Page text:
Agnes Kane Callum

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Agnes Kane Callum
Agnes Kane Callum.jpg
Born
Agnes Emma Kane

(1925-02-24)February 24, 1925
DiedJuly 22, 2015(2015-07-22) (aged 90)
NationalityU.S.
EducationB.A. social sciences, 1973
M.A. social sciences, 1975
Alma materMorgan State University
OccupationGenealogist
Spouse(s)Solomon Melvin Callum
Children5

Agnes Kane Callum (1925-2015) was a genealogist known for her research into Maryland's African-American history. She was a founding member of the Baltimore Afro-American Historical and Genealogical Society, a frequent columnist for The Catholic Review, and the founding editor of a black genealogical journal, Flower of the Forest. Callum was inducted into the Maryland Women's Hall of Fame in 2014.[1]

Early life and education[edit]

She was born in Baltimore in 1925, the fifth of twelve children of Phillip Moten Kane and Mary Gough Kane. Her paternal grandfather, Henry Kane, was born into slavery at Sotterley Plantation in St. Mary's County, Maryland.[2]

After attending Baltimore public schools, she held a variety of jobs, including salesperson for a black-owned cosmetics company, Beauty Queen Co.; insurance agent for the North Carolina Mutual Life Insurance Company; licensed practical nurse at Rosewood Hospital; and night clerk for the United States Postal Service. She was active in her community, joining the Eastside Democratic Organization, founding a neighborhood club called "Clean Up for a Better Neighborhood," and organizing educational field trips for local schoolchildren.[2]

At age 44 she resumed her education, earning a master's degree in social sciences at Morgan State University. In 1973 she received a Fulbright-Hays Scholarship and studied at the University of Ghana at Legon.[2] Callum became interested in her family history while still an undergraduate, when she wrote a paper titled "The Acquisition of Land by Free Blacks in St. Mary's County Maryland" for a Black History class.[1]

Career[edit]

In 1979 she published her first book, Kane-Butler Genealogy: History of a Black Family. She went on to publish many volumes of research documenting the connections between the enslaved and slave holders in Maryland, and U.S. Colored Troops in Maryland.[2] She also contributed many articles to the Catholic Review about the role of people of African descent, such as Mathias de Sousa, in colonial Maryland.[1]

In 1982 she gave a presentation titled The Genealogy of a Slave Family of St. Mary's County, Maryland 1793-1900 at the annual conference of the Association for the Study of African American Life and History (ASALH).[3] That same year, she founded a black genealogical journal, Flower of the Forest, named for a tract of land in St. Mary's County, Maryland, that had been owned by the Butler family for 125 years. Callum edited and published the journal for 25 years.[1] She was still publishing online as late as 2014.[4]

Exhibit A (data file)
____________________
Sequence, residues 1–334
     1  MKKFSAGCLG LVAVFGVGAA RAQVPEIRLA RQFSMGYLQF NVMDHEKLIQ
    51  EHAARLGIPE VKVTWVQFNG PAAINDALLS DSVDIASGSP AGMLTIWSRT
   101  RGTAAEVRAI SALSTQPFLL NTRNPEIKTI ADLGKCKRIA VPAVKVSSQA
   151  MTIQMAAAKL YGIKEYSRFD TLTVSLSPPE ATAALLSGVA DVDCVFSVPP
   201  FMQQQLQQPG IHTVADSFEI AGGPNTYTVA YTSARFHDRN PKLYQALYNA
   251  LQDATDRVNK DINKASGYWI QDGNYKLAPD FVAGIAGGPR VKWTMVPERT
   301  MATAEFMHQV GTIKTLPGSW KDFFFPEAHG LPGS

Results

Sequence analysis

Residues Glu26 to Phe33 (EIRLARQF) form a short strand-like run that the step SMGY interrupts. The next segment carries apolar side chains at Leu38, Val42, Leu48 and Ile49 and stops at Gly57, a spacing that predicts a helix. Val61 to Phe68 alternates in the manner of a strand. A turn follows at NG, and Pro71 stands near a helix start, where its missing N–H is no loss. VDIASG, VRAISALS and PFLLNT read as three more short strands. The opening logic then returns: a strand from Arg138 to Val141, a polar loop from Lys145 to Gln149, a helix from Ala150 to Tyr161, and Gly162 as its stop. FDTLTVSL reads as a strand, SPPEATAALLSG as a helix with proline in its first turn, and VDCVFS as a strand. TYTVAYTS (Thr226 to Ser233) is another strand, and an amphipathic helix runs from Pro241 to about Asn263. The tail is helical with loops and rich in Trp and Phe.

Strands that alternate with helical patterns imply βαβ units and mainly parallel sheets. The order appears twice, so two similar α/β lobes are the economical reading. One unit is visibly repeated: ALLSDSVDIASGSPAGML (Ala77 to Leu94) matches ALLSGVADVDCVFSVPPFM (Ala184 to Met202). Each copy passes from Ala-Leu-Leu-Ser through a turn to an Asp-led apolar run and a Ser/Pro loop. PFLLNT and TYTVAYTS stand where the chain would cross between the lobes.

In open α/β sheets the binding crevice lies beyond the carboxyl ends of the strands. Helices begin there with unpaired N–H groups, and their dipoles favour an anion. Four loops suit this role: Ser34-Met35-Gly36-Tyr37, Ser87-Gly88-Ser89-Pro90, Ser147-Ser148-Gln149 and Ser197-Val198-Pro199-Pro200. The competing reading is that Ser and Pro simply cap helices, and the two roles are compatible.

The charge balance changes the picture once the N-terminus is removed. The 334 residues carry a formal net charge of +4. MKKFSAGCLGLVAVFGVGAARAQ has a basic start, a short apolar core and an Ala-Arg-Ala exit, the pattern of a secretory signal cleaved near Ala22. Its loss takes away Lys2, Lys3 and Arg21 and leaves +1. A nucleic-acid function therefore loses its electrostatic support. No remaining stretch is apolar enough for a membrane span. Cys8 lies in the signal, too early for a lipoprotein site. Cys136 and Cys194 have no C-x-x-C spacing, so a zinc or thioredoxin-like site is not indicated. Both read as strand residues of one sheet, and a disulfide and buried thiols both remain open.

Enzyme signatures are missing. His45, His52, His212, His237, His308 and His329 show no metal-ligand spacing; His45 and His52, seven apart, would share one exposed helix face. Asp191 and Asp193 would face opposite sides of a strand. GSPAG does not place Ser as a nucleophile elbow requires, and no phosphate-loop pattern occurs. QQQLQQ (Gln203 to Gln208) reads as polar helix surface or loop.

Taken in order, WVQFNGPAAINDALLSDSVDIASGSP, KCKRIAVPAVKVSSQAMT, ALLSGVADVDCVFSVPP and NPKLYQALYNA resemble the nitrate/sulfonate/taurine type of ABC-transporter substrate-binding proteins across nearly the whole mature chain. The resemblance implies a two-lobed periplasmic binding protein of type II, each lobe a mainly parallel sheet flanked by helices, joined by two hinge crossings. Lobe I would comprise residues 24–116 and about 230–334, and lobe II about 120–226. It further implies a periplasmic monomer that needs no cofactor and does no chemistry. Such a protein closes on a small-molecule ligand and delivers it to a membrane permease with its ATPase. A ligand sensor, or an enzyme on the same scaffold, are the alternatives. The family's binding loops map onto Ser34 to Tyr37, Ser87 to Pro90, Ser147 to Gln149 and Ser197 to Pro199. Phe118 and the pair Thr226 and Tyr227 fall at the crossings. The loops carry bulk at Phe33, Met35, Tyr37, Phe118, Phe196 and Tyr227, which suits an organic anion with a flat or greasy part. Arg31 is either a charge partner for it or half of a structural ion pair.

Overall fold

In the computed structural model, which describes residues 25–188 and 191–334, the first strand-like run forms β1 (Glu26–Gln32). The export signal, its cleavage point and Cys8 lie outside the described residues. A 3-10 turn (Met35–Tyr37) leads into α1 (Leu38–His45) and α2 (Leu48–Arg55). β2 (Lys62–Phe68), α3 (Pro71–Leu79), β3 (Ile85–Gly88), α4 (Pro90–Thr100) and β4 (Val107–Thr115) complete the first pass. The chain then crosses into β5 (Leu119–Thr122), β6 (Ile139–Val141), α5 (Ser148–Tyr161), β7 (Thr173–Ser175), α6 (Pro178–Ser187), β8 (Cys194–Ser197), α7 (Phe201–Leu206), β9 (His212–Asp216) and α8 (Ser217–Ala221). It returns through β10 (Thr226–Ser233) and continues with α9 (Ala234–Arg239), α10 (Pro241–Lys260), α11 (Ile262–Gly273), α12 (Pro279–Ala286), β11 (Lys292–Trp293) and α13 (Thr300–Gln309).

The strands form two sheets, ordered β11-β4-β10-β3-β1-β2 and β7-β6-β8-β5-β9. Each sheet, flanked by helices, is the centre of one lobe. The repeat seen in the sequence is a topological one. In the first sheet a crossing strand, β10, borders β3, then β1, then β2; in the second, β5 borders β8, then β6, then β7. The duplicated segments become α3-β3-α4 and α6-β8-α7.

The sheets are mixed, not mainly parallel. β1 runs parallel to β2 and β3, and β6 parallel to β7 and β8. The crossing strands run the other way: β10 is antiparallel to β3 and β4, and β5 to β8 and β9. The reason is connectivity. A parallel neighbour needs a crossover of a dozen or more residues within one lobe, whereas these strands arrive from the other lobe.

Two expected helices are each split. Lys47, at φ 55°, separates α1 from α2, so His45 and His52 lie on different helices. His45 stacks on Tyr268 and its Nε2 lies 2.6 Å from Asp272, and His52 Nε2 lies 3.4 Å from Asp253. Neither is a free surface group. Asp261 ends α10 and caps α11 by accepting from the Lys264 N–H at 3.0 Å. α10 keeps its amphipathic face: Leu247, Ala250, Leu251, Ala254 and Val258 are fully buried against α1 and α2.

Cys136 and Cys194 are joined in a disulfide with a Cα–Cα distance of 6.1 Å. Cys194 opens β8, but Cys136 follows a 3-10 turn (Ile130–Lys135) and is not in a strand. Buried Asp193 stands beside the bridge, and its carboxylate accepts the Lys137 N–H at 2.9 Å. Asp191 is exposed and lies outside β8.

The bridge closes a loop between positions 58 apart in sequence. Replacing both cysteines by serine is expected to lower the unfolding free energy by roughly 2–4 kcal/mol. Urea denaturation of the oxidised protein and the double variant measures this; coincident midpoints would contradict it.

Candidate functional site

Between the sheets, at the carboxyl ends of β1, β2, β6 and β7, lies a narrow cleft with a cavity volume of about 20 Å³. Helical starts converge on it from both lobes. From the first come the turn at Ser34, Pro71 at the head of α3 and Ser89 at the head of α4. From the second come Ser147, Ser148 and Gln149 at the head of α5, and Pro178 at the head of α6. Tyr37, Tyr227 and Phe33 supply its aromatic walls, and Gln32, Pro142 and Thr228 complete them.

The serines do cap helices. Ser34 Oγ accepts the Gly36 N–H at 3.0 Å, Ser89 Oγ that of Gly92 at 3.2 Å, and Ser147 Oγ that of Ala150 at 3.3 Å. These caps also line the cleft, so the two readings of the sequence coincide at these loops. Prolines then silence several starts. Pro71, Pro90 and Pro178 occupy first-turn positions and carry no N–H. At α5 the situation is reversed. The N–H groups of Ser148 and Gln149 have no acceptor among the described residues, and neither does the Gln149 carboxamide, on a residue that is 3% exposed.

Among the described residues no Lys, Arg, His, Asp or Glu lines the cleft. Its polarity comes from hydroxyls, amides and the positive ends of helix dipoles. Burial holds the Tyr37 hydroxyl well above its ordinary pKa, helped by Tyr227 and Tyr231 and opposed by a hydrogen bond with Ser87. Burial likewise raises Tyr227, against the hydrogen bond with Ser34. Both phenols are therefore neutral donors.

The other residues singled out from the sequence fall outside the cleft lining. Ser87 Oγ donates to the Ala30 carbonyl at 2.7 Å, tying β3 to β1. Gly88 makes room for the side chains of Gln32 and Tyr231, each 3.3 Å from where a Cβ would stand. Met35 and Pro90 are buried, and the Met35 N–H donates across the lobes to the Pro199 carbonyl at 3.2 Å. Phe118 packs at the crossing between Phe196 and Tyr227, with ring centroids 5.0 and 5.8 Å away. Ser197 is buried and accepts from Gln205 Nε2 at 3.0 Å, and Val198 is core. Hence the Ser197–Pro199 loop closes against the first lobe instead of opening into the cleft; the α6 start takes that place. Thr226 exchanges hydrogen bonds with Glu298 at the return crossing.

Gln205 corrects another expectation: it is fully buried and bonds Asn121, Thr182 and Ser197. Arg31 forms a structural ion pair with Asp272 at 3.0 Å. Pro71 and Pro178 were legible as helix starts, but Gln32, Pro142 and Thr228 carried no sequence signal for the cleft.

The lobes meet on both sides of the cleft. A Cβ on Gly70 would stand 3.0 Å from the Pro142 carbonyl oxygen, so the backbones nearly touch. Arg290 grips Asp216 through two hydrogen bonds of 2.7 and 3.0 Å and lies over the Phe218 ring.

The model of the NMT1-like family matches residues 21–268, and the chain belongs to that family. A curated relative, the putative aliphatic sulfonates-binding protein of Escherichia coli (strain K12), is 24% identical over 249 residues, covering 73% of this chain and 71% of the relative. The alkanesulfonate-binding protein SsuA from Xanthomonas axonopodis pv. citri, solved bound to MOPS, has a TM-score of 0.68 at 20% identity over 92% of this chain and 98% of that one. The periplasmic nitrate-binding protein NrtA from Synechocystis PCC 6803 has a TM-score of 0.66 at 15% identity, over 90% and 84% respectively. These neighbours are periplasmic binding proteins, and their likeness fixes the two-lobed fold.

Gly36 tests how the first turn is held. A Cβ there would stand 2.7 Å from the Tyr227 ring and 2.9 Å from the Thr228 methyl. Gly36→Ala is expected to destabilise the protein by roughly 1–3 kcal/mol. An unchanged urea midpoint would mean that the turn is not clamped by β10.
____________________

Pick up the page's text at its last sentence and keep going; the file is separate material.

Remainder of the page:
She was a member of the Board of Trustees of the Sotterley Plantation, a founding member of the Baltimore chapter of the Afro-American Historical and Genealogical Society,[1] and a founding member of the Commission to Coordinate the Study, Commemoration and Impact of Slavery's History and Legacy in Maryland.[2]

Callum's research has helped many people trace their ancestors who were enslaved in Maryland.[2] She documented the history of St. Francis Xavier Church in East Baltimore, the first Catholic parish officially established for African Americans. Her research into slave life at the Sotterley Plantation provided the basis for the educational program, "Slavery to Freedom," at Sotterley.[1]

Personal life[edit]

Her husband, Solomon Melvin Callum, died in 1975. She had five children, two of whom predeceased her.[2]

Death and memorials[edit]

She died in Baltimore on July 22, 2015, of complications from Parkinson's Disease.[2]

In 2006, a complete set of her published works was donated to the Reginald F. Lewis Museum of Maryland African American History & Culture in Baltimore. In 2007, the Baltimore chapter of the Afro-American Historical and Genealogical Society was renamed the Agnes Kane Callum chapter in her honor. She received an honorary degree in history from St. Mary's College of Maryland in 2008.[1] In 2017, the Slave Cabin Exhibition at Sotterley Plantation was dedicated to her memory.[5]

Books[edit]

  • Kane-Butler Genealogy: History of a Black Family. Callum. 1979. OCLC 5446165.
  • Colored Volunteers of Maryland, Civil War, 7th Regiment, United States Colored Troops, 1863-1866. Baltimore: Mullac. 1990. OCLC 21815242.
  • Slave Statistics of Saint Mary's County, Maryland, 1864: Commissioner George B. Dent. Baltimore: Mullac. 1993. OCLC 28946780.
  • Black Marriages of Anne Arundel County, Maryland, 1851 to 1886. Baltimore: Mullac. 1994. OCLC 41248163.
  • Colored Volunteers of Maryland: Bounty Records of 9th Regiment, United States Colored Troops, 1863-1866. Baltimore: Mullac. 1998. OCLC 43620215.
  • 9th Regiment United States Colored Troops, Volunteers of Maryland, Civil War, 1863-1866. Baltimore: Mullac Publishers. 1999. OCLC 43325071.
  • Societies, clubs, lodges, savings, unions and churches of the Register of signatures of depositors in the branches of the Freedmans and Trust [i.e. Freedman's Savings and Trust] Company, 1865-1874: Baltimore, Maryland. Baltimore: Mullac. 2005. OCLC 61932057.

See also[edit]

References[edit]

  1. ^ a b c d e f g "Agnes Kane Callum". Maryland Women's Hall of Fame.
  2. ^ a b c d e f g h "Agnes K. Callum". The Baltimore Sun. July 27, 2015.
  3. ^ "ASALH Sixty-Seventh Anniversary Convention Program". Negro History Bulletin. 45 (3): 67. 1982. JSTOR 44176524.
  4. ^ "The Western Soldier". Flower of the Forest Online. September 24, 2014.
  5. ^ "Slave Cabin Exhibit Dedication Weekend". Calvert Beacon. April 3, 2017.

External links[edit]